|Violence did not erupt during the first round of voting in June, but the country has been plagued by strife [Reuters]
Guinea will hold the delayed second round of its presidential election on October 24, a spokesman for the president of the military ruled West African minerals producer has said.
The election is intended to return Guinea to civilian rule and, if it passes off smoothly, it will be its first properly democratic election since 1958 independence from France.
"Based on a proposal made by the CENI [national election commission], the vote for the second round of the presidential election is called for Oct. 24," Mohamed Kasse, a presidential spokesman, told state television on Tuesday.
The second round of voting, aimed at breaking half a century of military and civilian dictatorship, will see Cellou Dalein Diallo, an ex-prime minister and the clear frontrunner, face off against opposition politician Alpha Conde.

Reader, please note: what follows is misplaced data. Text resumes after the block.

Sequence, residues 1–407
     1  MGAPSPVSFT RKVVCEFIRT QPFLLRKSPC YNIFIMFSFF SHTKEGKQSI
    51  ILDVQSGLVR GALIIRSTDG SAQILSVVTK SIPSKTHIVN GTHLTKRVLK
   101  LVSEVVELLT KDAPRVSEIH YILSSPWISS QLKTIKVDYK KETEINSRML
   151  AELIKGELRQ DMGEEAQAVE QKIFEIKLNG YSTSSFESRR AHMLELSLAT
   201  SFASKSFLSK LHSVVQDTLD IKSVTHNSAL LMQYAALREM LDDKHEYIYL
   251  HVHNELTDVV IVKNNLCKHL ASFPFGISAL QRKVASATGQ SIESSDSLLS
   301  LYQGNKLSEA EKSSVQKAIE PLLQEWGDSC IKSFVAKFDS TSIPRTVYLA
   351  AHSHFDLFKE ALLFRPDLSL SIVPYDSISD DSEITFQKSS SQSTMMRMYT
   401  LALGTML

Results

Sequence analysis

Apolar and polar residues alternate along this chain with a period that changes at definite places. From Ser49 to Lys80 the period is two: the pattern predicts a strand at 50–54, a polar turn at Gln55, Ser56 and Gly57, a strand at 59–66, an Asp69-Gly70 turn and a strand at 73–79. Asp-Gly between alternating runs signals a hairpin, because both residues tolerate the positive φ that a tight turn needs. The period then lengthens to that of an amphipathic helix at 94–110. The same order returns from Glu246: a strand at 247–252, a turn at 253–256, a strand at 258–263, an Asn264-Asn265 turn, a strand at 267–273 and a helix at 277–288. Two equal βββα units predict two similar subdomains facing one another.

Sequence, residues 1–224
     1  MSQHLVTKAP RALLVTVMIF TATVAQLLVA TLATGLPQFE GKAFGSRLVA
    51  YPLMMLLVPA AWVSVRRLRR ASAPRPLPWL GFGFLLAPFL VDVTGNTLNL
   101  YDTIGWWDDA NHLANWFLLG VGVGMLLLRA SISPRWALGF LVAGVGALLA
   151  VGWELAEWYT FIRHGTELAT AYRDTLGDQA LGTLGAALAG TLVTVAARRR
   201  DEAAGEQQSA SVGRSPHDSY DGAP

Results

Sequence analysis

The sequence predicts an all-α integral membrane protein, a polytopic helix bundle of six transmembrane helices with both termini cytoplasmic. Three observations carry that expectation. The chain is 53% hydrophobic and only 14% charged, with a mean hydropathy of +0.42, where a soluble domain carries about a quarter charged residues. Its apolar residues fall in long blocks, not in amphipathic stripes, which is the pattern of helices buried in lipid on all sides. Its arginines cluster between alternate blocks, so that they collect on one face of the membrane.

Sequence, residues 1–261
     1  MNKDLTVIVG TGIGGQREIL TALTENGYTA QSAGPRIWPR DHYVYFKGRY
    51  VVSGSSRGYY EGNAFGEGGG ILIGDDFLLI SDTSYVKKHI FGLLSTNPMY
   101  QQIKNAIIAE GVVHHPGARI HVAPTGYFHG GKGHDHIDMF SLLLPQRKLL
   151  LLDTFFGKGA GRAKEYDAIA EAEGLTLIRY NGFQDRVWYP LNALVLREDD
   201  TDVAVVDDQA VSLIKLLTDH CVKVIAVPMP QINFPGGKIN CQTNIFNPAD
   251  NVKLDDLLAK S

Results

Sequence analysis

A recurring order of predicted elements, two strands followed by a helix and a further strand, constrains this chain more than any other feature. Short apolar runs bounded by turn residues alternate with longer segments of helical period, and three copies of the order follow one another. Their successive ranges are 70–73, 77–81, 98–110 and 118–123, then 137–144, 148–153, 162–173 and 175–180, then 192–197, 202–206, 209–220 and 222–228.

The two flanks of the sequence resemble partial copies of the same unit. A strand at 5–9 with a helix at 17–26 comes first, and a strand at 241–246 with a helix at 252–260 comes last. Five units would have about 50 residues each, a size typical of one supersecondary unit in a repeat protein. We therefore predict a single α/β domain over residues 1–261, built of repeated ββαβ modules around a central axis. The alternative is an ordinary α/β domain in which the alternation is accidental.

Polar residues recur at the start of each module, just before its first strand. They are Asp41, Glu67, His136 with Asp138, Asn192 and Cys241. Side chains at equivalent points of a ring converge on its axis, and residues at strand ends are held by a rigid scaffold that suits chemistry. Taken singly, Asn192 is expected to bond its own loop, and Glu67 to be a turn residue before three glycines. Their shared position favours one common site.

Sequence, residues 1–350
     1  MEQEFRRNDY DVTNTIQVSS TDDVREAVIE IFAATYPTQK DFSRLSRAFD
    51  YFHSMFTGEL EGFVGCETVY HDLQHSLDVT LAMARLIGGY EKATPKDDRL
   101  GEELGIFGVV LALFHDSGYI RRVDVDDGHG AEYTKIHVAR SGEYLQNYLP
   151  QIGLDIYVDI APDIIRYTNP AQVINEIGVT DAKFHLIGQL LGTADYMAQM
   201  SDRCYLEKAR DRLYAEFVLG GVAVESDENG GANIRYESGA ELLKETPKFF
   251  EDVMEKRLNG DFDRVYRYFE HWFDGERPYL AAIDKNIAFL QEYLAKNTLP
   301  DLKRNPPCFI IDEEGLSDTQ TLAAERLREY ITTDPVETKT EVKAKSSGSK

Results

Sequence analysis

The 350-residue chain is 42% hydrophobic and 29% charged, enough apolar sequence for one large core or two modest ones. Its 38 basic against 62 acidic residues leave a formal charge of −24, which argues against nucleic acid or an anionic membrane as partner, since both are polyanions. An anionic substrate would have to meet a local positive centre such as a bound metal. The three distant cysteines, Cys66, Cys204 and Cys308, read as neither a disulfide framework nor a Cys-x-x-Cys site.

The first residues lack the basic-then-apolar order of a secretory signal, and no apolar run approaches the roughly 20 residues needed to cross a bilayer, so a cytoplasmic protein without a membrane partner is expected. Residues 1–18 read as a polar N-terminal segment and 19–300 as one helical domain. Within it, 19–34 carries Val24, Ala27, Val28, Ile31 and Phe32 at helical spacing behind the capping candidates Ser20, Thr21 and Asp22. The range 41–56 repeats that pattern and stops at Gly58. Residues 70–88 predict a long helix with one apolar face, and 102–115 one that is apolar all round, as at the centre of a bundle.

The run-off between the two leaders of June's first round has been delayed for weeks by street violence between rival political factions and a dispute over the leadership of CENI.
Though it did not throw up a clear winner, the first round of voting on June 27 was hailed as peaceful.
Diallo, who secured 44 per cent of the votes in the first round, has won backing from the third place finisher, Sidya Toure, who garnered 14 per cent.
Conde, who took 18 per cent of ballots, has teamed up with Lansana Kouyate who finished fourth with seven per cent.
The country is currently being run by a transitional government with General Sekouba Konate, a military leader, holding the presidency and Jean-Marie Dore acting as prime minister.
More than 4.2 million Guineans registered to vote in the country's first free election since independence, including more than 112,000 in 17 foreign countries in Africa, Europe and the US.
While the country is poor, Guinea is the world's top bauxite producer, a mineral needed to produce aluminium, and also holds significant deposits of diamonds, gold and iron ore.
The run-off vote comes after a previous military government led by Moussa 'Dadis' Camara gained international notoriety in September 2009 after army units opened fire on pro-democracy demonstrators gathered in a Conakry stadium.
Security forces massacred more than 150 people, wounded 1,000 others and raped some 100 women. That carnage acted as a turning point in the country's turbulent history.